You Say Tomato, He Feeds a Family

Update: We are looking at doing this Tuesday, August 10. We’ll have more soon.








Together, Friends of theLoop, Farm Share and the Sheldrake Environmental Center hope to supplement these efforts to feed 500 families in our area. Dates and times for Nourish Your Neighbor will be announced soon.

Our story: One tomato, a cucumber, some lettuce and maybe a pepper and some celery makes a healthy salad for a family of four. "Vegetables are expensive," says  Ed Merians, and "for the families that need our food pantry, fresh produce may be out of reach."

More than 500 families in the area live below the poverty line.

So Merians had an idea. He is asking each of us to grow a tomato plant, a cucumber, peppers, string beans, whatever we can. We will then meet up in late August to pool our produce and feed many hungry people. The time and place will be announced here. 

We are calling it "Nourish Your Neighbor."

"No meetings. We don’t need a new not- for-profit. No web site. Let’s just cooperate," Merians says.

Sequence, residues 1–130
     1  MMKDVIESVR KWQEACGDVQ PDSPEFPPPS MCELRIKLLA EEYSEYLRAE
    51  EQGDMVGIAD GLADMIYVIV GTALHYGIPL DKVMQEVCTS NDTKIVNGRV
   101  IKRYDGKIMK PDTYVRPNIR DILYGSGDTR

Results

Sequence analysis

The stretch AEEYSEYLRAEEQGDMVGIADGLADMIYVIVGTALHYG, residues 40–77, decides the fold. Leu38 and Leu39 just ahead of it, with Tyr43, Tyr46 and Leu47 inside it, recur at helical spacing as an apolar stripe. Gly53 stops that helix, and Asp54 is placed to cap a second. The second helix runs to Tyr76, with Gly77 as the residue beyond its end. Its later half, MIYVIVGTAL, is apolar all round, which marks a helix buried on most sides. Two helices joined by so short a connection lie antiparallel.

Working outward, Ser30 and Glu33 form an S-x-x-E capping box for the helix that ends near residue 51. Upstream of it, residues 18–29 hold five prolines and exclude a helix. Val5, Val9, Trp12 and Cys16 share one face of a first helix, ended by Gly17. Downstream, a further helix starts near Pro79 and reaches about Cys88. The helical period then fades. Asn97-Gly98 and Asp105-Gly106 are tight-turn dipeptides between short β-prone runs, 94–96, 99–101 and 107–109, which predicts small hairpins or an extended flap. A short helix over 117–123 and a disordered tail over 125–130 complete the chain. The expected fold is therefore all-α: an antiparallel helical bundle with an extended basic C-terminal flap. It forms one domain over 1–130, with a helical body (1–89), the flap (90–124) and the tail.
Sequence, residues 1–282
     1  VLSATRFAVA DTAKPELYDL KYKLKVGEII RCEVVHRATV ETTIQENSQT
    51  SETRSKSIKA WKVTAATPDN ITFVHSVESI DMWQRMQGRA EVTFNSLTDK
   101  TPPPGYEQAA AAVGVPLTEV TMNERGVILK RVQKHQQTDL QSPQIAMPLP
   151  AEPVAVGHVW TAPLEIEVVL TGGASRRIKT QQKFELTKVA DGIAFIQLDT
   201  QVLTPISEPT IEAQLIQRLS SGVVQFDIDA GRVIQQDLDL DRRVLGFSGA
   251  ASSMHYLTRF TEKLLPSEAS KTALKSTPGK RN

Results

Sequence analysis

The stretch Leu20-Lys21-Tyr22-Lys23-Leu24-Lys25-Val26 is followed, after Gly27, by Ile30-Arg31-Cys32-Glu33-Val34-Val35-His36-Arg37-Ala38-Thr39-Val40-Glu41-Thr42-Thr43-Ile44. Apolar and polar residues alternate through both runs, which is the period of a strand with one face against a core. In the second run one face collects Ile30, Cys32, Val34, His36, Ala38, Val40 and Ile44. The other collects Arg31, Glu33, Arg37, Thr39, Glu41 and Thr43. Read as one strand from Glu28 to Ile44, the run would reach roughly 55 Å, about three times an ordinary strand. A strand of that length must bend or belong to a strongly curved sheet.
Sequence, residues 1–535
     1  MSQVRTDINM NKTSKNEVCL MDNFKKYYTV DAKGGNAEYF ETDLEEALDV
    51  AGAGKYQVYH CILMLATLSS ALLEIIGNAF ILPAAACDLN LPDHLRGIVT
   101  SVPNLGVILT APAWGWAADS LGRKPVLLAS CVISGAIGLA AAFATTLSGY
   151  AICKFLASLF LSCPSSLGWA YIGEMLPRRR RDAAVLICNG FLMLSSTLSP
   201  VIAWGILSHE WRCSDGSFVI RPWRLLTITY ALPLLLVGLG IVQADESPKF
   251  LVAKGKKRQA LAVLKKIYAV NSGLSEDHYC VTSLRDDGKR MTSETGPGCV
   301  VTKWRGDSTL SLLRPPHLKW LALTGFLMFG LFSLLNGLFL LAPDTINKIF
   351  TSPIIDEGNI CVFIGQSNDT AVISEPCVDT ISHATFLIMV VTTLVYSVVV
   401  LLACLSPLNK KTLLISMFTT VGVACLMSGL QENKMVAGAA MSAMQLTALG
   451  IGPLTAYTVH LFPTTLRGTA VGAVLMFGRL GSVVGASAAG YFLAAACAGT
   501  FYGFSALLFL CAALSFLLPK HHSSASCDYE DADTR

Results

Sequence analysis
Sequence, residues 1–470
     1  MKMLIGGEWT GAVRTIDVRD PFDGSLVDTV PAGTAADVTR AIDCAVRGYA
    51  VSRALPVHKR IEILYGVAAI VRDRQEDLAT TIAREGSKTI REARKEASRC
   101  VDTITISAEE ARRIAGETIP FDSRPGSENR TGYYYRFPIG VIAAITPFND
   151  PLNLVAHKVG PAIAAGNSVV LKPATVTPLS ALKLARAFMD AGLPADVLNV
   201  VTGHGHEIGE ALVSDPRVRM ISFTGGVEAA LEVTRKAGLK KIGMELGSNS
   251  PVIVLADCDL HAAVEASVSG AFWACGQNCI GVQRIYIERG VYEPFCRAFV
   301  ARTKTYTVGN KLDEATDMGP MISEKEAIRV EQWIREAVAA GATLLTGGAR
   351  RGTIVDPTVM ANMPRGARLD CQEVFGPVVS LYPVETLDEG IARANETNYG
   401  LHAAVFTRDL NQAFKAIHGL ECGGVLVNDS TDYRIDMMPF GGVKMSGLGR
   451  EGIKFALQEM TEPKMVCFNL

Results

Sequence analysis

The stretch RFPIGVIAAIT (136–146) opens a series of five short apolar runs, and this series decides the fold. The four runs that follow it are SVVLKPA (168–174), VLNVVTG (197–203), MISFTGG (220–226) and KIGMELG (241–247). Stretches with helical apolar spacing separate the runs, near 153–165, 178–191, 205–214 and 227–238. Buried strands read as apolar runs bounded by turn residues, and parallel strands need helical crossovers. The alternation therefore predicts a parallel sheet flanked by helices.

Merians, who is Chairman of the Westchester Chapter of the American Red Cross, is not doing this in any official capacity, but, he says, as a neighbor.

"As chair of the Red Cross in Westchester, I am seeing too much hunger in our community. It’s a growing problem. There are children in Larchmont (and from New Rochelle to Port Chester) who go to school hungry not because they have an eating disorder but because there is nothing on the table. I just can’t sleep well at night knowing that there may be one more thing I can do. 

Or that we can do.

Loop sponsor Farm Share has just agreed to offer a $25 rebate to anyone who wants to sign-up for their summer-long weekly box of fresh produce and donate a week to Nourish Your Neighbor.  Farm Share’s Gail Brussel says it has donated food for the hungry since it started five years ago.

"As long as we’ve been delivering shares to members, Farm Share has always donated the extra boxes of veggies, fruit and eggs to food pantries in need of fresh food. We’re grateful to have the chance to contribute close to home this year with ‘Nourish your Neighbor’."

theLoop pledges to ask every family in the area to plant something for this special harvest. Will you help?

"For once, I’m not asking my neighbors for blood or money, I am asking them to grow something in their garden,"  Merians laughed.

Please leave a comment below stating what you will grow and donate to Nourish Your Neighbor in order to gauge the interest.

And please spread the word. Watch this space for more details. 

Happy gardening!


  1. Forest Avenue, Larchmont June 11, 2010 at 9:34 am

    Count us in for a dozen tomatoes!! (4 families on Forest Avenue)

  2. I’m in! Mangone’s in Mamaroneck has some great seedlings. We just planted Mother’s Day and have been salading out of our garden for a few weeks already!

  3. Great idea, Ed. Will see what’s ready to harvest late August and bring it along.